Oil prices dropped after touching the $90 per barrel mark on Thursday as traders awaited clarity on potential OPEC+ cuts next week and as the dollar eased off 20-year highs.
Leading members of the Organization of the Petroleum Exporting Countries and its allies, known as OPEC+, have begun discussions about an oil output cut at their next meeting on Oct. 5, three sources told Reuters.
One OPEC source told Reuters a cut was "likely", while two other OPEC+ sources said key members had spoken about the topic.
Reuters reported this week that Russia is likely to propose that OPEC+ reduce oil output by about 1 million barrels per day(bpd).
"Seesaw trade may be common over the next week, unless we get more clarity from OPEC+ sources on the likely size of any adjustment and what it means for previous missed quotas," said Craig Erlam, senior markets analyst at OANDA.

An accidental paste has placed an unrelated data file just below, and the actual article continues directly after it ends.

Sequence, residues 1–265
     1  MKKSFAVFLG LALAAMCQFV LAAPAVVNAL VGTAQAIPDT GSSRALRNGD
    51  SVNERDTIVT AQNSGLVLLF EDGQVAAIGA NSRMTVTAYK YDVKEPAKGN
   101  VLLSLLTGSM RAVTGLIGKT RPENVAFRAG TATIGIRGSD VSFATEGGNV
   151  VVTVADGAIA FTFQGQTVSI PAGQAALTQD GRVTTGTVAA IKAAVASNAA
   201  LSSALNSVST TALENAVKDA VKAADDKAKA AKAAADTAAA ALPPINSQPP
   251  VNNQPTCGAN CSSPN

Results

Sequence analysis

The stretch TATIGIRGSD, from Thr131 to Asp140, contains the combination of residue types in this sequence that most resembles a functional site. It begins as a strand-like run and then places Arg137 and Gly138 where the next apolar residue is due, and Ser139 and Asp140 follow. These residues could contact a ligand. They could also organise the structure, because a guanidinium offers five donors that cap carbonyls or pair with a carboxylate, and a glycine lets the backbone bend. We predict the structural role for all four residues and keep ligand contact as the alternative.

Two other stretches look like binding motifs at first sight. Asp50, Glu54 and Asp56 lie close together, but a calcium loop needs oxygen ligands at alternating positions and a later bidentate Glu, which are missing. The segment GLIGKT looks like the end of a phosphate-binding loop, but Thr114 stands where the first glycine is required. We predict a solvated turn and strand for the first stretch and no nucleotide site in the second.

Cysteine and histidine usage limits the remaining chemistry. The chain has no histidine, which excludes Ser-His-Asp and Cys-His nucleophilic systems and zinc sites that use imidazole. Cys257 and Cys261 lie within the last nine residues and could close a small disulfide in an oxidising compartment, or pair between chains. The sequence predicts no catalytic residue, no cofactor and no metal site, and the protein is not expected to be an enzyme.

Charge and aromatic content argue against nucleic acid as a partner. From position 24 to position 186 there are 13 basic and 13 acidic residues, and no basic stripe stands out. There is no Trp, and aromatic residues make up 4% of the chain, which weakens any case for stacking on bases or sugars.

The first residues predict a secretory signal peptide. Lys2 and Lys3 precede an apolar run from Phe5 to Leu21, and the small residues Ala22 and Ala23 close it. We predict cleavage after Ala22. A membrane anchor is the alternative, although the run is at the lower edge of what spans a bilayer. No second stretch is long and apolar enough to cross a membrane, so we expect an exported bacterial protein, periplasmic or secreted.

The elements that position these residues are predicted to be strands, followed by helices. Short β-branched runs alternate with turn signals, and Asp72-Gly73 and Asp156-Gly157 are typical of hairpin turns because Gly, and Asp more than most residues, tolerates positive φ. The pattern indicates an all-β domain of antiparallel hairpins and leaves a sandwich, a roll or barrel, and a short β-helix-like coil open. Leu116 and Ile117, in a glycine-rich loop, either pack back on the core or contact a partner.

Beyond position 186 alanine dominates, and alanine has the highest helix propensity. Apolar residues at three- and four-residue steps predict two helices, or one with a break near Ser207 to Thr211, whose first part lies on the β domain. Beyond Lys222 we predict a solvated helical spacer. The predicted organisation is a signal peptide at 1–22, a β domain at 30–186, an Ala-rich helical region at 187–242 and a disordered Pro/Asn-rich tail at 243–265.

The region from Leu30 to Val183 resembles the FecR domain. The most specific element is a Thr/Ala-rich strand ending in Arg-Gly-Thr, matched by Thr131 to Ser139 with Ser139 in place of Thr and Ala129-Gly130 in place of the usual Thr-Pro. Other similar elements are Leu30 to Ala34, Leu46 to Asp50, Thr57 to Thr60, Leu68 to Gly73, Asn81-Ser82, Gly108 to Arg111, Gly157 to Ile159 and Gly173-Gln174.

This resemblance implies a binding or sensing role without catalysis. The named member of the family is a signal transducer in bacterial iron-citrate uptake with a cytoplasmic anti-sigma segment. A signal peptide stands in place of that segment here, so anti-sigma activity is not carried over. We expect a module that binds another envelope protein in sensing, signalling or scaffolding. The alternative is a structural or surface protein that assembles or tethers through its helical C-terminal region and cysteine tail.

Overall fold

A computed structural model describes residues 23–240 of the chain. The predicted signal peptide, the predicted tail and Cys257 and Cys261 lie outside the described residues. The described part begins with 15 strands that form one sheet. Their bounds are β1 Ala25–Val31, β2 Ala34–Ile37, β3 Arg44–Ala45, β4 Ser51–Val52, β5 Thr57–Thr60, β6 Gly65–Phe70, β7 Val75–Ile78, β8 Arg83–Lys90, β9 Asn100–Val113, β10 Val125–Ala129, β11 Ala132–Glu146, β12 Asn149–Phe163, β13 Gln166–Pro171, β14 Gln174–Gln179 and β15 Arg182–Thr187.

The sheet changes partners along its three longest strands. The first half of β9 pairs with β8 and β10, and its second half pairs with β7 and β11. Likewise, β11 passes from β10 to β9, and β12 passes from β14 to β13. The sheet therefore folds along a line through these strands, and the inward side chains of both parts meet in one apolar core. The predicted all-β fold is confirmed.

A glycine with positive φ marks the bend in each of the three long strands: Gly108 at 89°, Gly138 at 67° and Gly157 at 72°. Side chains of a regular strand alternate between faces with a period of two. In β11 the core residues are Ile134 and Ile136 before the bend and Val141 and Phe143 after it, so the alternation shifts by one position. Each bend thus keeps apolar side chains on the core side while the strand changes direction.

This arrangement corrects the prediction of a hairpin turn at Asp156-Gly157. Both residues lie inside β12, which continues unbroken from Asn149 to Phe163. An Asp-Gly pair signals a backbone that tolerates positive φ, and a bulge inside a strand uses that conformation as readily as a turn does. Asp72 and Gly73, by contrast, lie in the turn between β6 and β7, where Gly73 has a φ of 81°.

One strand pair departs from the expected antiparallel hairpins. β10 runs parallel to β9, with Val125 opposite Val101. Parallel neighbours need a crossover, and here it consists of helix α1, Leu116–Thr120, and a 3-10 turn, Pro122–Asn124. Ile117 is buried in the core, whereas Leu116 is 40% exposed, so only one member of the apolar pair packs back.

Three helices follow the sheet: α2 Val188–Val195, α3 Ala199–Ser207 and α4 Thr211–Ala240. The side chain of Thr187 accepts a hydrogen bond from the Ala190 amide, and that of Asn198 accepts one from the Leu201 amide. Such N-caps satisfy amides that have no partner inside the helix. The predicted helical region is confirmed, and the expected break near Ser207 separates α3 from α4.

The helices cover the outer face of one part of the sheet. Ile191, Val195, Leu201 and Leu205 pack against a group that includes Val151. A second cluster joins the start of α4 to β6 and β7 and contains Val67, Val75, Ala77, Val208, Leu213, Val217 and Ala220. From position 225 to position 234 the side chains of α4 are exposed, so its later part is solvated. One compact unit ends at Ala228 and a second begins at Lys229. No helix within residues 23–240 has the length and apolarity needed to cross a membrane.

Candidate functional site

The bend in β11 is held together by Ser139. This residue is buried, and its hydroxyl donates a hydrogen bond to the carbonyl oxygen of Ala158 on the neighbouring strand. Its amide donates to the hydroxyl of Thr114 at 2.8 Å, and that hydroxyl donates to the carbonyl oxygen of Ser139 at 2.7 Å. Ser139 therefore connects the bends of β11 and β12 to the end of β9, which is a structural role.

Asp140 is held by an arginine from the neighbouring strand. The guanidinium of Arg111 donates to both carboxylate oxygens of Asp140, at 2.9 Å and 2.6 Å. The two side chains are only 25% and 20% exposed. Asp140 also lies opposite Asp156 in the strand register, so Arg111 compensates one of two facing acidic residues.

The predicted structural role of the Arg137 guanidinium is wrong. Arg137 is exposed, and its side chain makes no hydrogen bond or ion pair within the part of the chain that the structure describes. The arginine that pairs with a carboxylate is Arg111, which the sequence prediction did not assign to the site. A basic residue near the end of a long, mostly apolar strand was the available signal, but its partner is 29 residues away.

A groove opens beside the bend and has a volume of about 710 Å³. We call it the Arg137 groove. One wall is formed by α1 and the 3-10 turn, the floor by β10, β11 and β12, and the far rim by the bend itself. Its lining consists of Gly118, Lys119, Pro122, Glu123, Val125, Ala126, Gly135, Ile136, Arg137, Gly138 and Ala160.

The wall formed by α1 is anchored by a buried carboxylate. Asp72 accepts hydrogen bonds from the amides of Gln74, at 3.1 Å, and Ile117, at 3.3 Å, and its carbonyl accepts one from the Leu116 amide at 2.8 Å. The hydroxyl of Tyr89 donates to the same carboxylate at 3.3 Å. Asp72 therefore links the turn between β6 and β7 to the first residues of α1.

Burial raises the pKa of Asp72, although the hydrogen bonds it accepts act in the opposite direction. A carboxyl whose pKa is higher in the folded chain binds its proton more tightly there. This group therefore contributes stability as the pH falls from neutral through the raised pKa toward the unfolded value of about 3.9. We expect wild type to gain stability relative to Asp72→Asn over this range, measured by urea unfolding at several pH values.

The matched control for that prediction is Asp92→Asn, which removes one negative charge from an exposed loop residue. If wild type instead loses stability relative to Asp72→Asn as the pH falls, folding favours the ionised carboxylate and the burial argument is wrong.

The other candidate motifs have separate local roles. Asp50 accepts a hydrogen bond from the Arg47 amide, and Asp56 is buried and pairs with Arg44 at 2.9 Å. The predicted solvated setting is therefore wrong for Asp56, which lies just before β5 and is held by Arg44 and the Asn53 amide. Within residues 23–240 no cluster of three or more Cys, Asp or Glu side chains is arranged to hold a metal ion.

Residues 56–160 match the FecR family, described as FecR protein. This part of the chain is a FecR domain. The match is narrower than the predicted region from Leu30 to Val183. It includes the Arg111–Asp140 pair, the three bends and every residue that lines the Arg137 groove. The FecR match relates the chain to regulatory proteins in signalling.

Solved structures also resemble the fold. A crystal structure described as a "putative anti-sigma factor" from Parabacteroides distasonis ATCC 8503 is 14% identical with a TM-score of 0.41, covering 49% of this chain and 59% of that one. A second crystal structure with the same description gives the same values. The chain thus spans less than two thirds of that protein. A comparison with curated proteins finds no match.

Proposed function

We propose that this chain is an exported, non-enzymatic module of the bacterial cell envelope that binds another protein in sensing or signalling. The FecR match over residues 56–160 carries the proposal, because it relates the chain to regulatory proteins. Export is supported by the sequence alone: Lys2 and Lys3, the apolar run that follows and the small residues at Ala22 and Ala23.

The market also eased as the threat of Hurricane Ian receded with U.S. oil production expected to return in coming days after about 158,000 bpd was shut in the Gulf of Mexico as of Wednesday, according to federal data.
Crude benchmarks have rebounded from nine-month lows earlier this week, buoyed by a dip in the U.S. dollar index and a larger than expected U.S. fuel inventory drawdown.
The dollar index dropped again on Thursday, easing off 20-year highs, indicating some more risk appetite from investors.
"Inflation fears and the Feds determination to deal with them had risk assets on the ropes for much of the session, but the dollar slide to negative territory has put a bid in crude oil," said Robert Yawger, director of energy futures at Mizuho.
Further support for oil prices could come from the United States announcing new sanctions against entities that facilitated Iranian oil sales.
"I think traders have almost given up on a nuclear deal being agreed and this announcement from the U.S. appears to be a make or break move," said Erlam.
In China, the world's biggest crude oil importer, travel during the forthcoming week-long national holiday is set to hit its lowest level in years as Beijing's zero-COVID rules keep people at home while economic woes curb spending.